The commanders enjoyed the rank of nayaka senapati, or mahadandanayaka. The Cholas under Rajaraja Controlled the Coromandel and Malabar coast and the Bay of Bengal.
• The village was the primary unit of society and Polity.
The village assemblies held the society together through its unique feature of autonomy and self-sufficiency.
• From the Uttaramerur inscriptions we find reference to at least three types of assemblies which played a regular part in local administration, namely the Ur, Sabha or Mahasabha and Nagaram.
• The Ur was an assembly of common villages where the land was held by all classes of people who were, therefore, entitled to membership in the local assembly.
• The Sabha was an exclusively Brahmin assembly of the Brhamadeya villages where all the land belonged to the Brahmins.
• The Nagaram was an assembly of merchants and belonged to localities where traders and merchants were in a dominant position.
• The Sabha, generally comprised the elite or learned in the community, commanded the respect of all the other assemblies in settling crucial matters of common concern.
• The Uttaramerur inscription belonged to the reign of
the Chola monarch Parantaka I (10th century)
Under the Chola, temples became the centre of life. They were not only places of worship but also emerged as the hub of economic, political and cultural activities. The village assembly held its meetings in the temple mandapa or hall.
Temples also grew as centres of craft especially the creation of bronze images which was the most distinctive. Many cultural activities like music and dance also prepared in the temples.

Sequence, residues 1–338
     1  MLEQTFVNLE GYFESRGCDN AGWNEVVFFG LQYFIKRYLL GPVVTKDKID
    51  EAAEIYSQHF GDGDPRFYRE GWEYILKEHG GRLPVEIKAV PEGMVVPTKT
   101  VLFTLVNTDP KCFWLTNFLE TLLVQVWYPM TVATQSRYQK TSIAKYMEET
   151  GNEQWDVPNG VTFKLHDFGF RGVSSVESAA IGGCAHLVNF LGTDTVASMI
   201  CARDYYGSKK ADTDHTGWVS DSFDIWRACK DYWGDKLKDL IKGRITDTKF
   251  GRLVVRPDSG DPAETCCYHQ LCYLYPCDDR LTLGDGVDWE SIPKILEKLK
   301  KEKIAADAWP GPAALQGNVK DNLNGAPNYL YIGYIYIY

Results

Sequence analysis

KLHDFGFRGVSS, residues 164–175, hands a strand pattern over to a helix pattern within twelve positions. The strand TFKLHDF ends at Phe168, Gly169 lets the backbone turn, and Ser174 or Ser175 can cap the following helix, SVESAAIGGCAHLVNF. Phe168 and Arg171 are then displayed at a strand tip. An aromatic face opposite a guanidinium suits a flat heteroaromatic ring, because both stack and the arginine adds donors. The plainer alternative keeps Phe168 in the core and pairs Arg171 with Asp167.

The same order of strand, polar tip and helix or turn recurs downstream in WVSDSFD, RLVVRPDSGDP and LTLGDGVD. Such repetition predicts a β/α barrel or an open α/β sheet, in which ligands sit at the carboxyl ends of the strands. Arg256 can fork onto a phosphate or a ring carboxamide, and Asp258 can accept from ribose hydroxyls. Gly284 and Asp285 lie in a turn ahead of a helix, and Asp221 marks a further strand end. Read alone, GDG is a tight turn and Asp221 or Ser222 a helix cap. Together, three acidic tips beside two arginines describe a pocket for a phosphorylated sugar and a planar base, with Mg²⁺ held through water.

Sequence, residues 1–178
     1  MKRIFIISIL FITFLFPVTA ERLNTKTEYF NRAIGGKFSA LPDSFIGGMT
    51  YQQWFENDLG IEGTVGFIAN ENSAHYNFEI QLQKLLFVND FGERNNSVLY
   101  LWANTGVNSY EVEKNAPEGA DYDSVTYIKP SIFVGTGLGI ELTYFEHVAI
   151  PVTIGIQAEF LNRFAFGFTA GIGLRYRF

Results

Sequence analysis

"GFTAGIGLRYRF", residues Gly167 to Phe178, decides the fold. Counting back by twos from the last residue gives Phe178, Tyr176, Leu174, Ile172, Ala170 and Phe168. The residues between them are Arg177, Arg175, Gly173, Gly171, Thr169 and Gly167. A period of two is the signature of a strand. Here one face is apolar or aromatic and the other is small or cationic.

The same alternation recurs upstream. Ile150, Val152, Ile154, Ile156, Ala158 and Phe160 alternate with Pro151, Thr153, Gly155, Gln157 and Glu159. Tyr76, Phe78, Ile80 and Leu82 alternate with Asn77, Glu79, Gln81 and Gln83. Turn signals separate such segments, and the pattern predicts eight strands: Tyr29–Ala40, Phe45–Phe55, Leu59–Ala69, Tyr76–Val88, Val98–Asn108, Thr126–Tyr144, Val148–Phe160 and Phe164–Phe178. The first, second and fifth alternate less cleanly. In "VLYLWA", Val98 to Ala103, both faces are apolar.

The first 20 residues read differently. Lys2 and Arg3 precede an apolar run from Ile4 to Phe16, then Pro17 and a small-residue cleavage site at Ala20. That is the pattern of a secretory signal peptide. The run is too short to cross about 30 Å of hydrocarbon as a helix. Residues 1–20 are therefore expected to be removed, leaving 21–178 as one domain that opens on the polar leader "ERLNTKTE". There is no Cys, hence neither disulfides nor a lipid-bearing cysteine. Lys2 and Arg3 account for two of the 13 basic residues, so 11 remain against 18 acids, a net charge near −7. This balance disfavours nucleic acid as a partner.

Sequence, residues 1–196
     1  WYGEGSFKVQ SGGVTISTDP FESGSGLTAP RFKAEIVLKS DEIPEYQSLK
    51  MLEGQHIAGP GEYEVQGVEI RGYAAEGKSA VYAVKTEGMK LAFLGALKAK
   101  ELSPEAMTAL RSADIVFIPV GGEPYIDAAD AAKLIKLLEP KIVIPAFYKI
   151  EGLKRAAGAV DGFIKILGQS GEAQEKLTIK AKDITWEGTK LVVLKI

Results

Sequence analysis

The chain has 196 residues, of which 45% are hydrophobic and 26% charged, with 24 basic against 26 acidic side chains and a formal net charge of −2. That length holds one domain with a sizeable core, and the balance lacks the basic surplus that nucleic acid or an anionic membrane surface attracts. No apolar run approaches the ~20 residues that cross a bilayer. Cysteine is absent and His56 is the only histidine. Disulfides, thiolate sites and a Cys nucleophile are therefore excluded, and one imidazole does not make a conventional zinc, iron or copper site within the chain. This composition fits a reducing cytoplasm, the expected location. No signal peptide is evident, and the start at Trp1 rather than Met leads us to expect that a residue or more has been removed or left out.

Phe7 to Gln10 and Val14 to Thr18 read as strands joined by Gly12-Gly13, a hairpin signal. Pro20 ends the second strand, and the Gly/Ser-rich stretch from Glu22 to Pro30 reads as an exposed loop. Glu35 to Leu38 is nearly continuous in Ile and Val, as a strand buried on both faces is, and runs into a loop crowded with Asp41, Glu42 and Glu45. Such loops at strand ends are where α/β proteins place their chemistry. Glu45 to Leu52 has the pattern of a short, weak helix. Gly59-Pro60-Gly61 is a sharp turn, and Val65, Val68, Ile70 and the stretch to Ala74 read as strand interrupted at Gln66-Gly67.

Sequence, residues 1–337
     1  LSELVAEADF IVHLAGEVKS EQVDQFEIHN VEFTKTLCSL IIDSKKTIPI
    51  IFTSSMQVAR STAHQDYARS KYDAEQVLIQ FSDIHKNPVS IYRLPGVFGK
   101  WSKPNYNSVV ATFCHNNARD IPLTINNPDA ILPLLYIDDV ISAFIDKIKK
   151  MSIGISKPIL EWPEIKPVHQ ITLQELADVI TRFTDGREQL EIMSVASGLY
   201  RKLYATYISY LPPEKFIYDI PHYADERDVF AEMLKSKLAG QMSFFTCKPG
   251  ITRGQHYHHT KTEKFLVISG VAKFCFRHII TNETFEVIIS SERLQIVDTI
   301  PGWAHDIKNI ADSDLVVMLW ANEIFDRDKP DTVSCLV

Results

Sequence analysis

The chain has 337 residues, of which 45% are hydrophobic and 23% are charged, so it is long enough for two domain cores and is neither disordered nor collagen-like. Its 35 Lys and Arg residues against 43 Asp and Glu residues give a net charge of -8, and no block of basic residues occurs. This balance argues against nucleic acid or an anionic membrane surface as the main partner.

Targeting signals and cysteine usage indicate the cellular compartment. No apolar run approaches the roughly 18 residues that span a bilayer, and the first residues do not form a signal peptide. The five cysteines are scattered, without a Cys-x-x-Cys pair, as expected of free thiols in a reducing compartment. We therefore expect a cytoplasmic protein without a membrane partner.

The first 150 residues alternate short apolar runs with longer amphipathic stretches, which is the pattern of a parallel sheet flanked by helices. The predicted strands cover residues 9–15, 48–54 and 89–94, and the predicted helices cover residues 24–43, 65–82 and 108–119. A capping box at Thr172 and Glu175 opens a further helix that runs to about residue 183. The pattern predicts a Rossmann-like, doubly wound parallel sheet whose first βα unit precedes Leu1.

The Chola records frequently refer to Devadana gifts of land.
Temple architecture, particularly the Dravida or south Indian style of architecture, reached its peak under the Cholas. The chief feature of a Chola temple is the Vimana or the tower, which was later eclipsed by the richly ornamented gopuram or gateway. In the Brihadeswara or Rajarajesvara temple dedicated to Siva, the Vimana or tower is about 57 metres high upon a square, comprising thirteen successive stories. It is crowned by a single block of granite, 7.5 metres high and about 80 tonnes in weight. Similarly, Rajendra I erected a splendid temple at his new capital, Gangaiskonda Cholapuram.
Some Chola temples at Thanjavur and Kalohasti contain beautiful royal portraits. The metal and stone images cast during the period are exquistite. The masterpiece of Chola sculpture is the famous Nataraja or the Dancing Siva image at the great temple of Chidambaram. This Nataraja has been described as the ‘cultural epitome’ of the Chola period. The Cholas also patronised paintings. The most important Chola paintings are those in the Pradakshinapath of the Rajarajesvara temple.
The Chera Dynasty was one of the important dynasties in India. The Cheras were able to establish their rule before the Sangam Age and they ruled till the twelfth century. During the Sangam Age, the Chera rulers were known by many titles including Malaiyar, Villavar and Vanavar. There were two important lines of the Cheras – first initiated from Uthiyan
Cheralathan while the second line starts from Irumporai.
Based on historical evidences, it is believed that the Cheras developed friendly relations with the Cholas and concluded matrimonial alliances with them, but soon supported the Pandya rulers against Cholas. However, their allied forces were defeated by the army of the Chola king in the Battle of Venni. After this defeat, the Chera ruler Uthiyan Cheralathan committed suicide.